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Legal Aspects of Nursing: Case Study

Legal Aspects of Nursing: Case Study

The main principle of patient safety applicable in this scenario is ‘appropriate responsibility or accountability at all levels’. Under this principle, all the teams and individuals must share the responsibility or accountability for the delivery of safe health care at Microsystems level. In addition, the administrative organ in the organization must be involved (Springhouse Corporation, 2010). In this case, it was necessary for the nurses involved to ensure that the highest level of responsibility in managing My Abraham’s condition was achieved.

From a legal perspective, the nurses at the hospital care owed Mr Abraham a duty of care under the tort law. In fact, under the American tort law, registered nurses have a professional as well as a legal duty of care (O’Keefe, 2009). Therefore, it was necessary for the nurses to take some steps to protect themselves from malpractice claims under the tort law. For instance, they would have reported Abraham’s behaviour and intention of running away from the hospital. In addition, a special attending nurse should have been assigned the duty of monitoring Abraham’s behaviour and progress.

From an ethical perspective, the principles of beneficence and nonmaleficence apply in the case of Abraham. The principle of beneficence applies to the acts and willingness “to do and promote good”. It is an ethical role of all nurses to promote the best interests of their patients. In addition, they must strive to achieve the best outcomes. The principle of nonmaleficence means “to avoid harm”. Nurses must always maintain a competent level of practice in order to ensure that the patient does not receive any form of injury or suffering (Guido, 2011). It also includes the process of reporting suspected abuse to avoid victimization and provide patient protection. The nurses did their best to “do good” and “no harm” as shown by their willingness to use any means possible to protect the patient from running away from the facility.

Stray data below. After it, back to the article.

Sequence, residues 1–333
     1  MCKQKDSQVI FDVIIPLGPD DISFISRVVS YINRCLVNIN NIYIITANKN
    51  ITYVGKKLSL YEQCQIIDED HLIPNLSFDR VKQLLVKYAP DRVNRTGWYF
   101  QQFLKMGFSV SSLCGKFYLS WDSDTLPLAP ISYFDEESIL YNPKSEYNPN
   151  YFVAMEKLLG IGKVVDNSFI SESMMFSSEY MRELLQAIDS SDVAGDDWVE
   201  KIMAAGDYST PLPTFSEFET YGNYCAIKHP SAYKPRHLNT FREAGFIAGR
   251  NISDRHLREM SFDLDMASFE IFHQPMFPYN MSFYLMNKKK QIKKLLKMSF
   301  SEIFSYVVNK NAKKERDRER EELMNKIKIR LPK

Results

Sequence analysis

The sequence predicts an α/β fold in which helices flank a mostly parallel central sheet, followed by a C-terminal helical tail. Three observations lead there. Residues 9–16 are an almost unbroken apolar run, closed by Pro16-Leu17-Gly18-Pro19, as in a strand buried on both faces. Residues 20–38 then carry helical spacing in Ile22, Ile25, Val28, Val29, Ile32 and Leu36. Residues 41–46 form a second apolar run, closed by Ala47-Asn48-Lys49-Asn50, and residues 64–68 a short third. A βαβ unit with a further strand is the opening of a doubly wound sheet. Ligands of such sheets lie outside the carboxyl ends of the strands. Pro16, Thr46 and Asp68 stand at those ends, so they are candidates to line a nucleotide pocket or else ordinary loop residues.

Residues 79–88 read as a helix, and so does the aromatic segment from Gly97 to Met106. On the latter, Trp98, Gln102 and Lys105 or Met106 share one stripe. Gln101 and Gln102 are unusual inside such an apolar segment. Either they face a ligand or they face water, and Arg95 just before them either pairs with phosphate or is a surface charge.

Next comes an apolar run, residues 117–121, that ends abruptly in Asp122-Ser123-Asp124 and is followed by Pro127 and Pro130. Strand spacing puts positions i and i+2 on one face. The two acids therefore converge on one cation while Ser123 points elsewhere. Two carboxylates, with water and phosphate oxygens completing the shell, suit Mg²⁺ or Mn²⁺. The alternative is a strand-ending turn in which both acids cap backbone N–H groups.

In addition to the principles of nonmaleficence and beneficence, the principle of autonomy applies to the ethical perspective of nursing. This principle applies to clients, giving them the right to be self-determined and make decisions on what happens to them (Helm, 2008). Nurses must respect the patient’s decision to refuse or accept care. However, in the case of Abraham, it was evident that his mental ability had been affected by excessive consumption of alcohol. Therefore, the principle of autonomy should not be used as a legal ground to sue the nurses involved.

In this case, the nurses involved and the hospital management are the respective defendants. In particular, the nurses taking care of Mr Abraham bear the highest responsibility as the defendants because the incident happened at the time Mr Abraham was under their care. They owed the patient a duty of care, which could have been breached due to negligence.

After looking at the facts and claims presented in court, the judges might argue that the hospital’s negligence combined with the patient’s contributory negligence were responsible for the injury and death of Abraham. For instance, it was evident that the nursing practice allowed the nurses to monitor Mr Abraham’s conditions on an hourly basis. Secondly, it is clear that records were being kept after each visit. Moreover, the principles of beneficence and nonmaleficence applied. This is clearly indicated by the effort to bring the patient closer to the nursing station.

In giving the ruling, it is necessary for the judges to refer to the ruling in case law Busta v. Columbus Hospital Corporation. In this case, the Montana Supreme Court ruled that the injuries on a patient were caused by the hospital’s negligence as well as the patient’s contributory negligence. In addition, the judges would also refer to case law Pellerin v Humedicenters in determining whether documentation was done in the right manner and time.

References

Guido, G. W. (2011). Legal and ethical issues in nursing. Upper Saddle River, NJ: Prentice Hall;
Helm, A. (2008). Nursing malpractice: sidestepping legal minefields. Philadelphia: Lippincott, Williams & Wilkins.
O’Keefe, M. E. (2009). Nursing practice and the law: avoiding malpractice and other legal risks. Philadelphia: F.A. Davis Co
Springhouse Corporation. (2010). Nurse’s legal handbook. Springhouse, PA: Springhouse

 

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